Wednesday, 28 September 2011

Engage with Social Media

To be a good communicator, it is essential to engage well with your stakeholders. Engagement in PR and media is about constantly keeping your clients updated about what being done in terms of promotional activities. It essentially involves having a clear and coherent dialogue to understand the aspirations and needs of the clients.

 In PR it is also imperative to have an important relationship with the press. Engagement with the press is important to let people know about the upcoming events, internal management changes and to disclose other news worthy stories that might be relevant to some sections of the media.

In recent years, the avenues for putting a story in the media has widened due to the emergence of social media. While the traditional media is still the preferred choice for announcing important press releases, it has to however, be  complemented with the a strategic use of social media.

Social media ensures a strong online presence. It allows instant engagement with people who are in the ambit of the digital circle. For the event industry in particular, the use of social media is a two step process. At one level, it is used for promotion and for broadcasting interesting bit and pieces of news on a daily basis. At another level, it is used for following up news once it has been released in the main stream media. In fact, the use social of social media revolves around people, objective, stories and technology. We need to understand who the type of people we are targeting at, what is the objective- is it engagement or marketing or both, what strategies we want to adopt, and finally what technology we are going to use: it is a blog, tweet or any other relevant social media tool.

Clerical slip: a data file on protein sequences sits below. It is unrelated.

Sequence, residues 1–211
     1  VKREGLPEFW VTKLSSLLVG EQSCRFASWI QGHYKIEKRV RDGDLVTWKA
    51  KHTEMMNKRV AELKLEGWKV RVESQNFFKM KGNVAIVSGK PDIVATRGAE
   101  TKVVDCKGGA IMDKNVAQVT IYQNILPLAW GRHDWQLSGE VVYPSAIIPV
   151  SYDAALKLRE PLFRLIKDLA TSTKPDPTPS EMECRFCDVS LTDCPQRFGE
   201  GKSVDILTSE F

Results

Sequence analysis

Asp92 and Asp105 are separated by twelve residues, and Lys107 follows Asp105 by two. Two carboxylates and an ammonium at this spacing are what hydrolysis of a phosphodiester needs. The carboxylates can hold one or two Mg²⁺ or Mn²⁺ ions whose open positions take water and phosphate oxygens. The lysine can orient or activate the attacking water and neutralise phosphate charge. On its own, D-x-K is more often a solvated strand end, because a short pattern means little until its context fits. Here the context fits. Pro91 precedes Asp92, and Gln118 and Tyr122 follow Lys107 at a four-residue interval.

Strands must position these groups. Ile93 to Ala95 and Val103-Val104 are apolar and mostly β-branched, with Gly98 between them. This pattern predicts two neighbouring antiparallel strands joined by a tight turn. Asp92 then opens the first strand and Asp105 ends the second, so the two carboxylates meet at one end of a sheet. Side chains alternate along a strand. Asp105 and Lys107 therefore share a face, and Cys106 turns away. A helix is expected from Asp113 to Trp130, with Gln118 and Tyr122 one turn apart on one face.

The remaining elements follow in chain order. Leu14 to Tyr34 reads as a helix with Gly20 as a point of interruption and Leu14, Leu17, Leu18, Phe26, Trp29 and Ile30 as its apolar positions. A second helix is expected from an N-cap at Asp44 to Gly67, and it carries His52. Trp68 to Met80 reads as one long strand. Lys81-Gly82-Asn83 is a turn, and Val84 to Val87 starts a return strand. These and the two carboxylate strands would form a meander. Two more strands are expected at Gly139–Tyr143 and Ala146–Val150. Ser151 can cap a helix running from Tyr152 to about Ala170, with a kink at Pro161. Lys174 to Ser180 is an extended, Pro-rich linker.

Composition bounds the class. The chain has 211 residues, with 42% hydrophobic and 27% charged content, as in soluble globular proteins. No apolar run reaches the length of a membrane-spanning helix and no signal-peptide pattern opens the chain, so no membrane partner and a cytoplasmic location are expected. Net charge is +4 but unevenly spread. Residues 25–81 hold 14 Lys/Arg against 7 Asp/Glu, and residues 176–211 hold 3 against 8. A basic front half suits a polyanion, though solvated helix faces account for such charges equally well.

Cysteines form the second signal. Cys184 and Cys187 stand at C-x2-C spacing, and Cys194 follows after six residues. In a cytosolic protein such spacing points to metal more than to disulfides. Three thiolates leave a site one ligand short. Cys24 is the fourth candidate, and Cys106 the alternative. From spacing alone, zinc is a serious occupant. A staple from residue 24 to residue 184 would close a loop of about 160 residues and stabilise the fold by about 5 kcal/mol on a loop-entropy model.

Wednesday, 14 September 2011

The Power of Dialogue

As the United States solemnly commemorated ten years of the horrific attacks on 9/11, the rest of the world stood by its side showing solidarity and reflecting how the events on that fateful day had an impact on our daily lives.  Much has changed since then: the airport security all over the world got tighter, going for any big public events anywhere came with a tag of having to go through security checks; psychologically, the symbols of defence and security represented by armed police man in London’s Piccadilly Circus or almost fortified airport in New Delhi constantly remind us of the threat and the vulnerability from terror strikes.

On geo-political front, new allies were formed, old allies went to war. As I write this, reports of a major gun battle around the US embassy is pouring in from Kabul.  The war against terror has run into trillions of dollars; during the process some controversial strategic mistakes may have been made particularly with Iraq, the US succeeded in eliminating Osama bin Laden but the actual threat to global peace and security hasn’t subsided.

One of the major unfortunate fall out of the war on terror has been is the stereotyping and prejudiced shown against an identifiable religious community. This has not only created divisions within multicultural societies but lead to the rise of radical and right wing groups that tend to undermine the very ideals of freedom and democracy.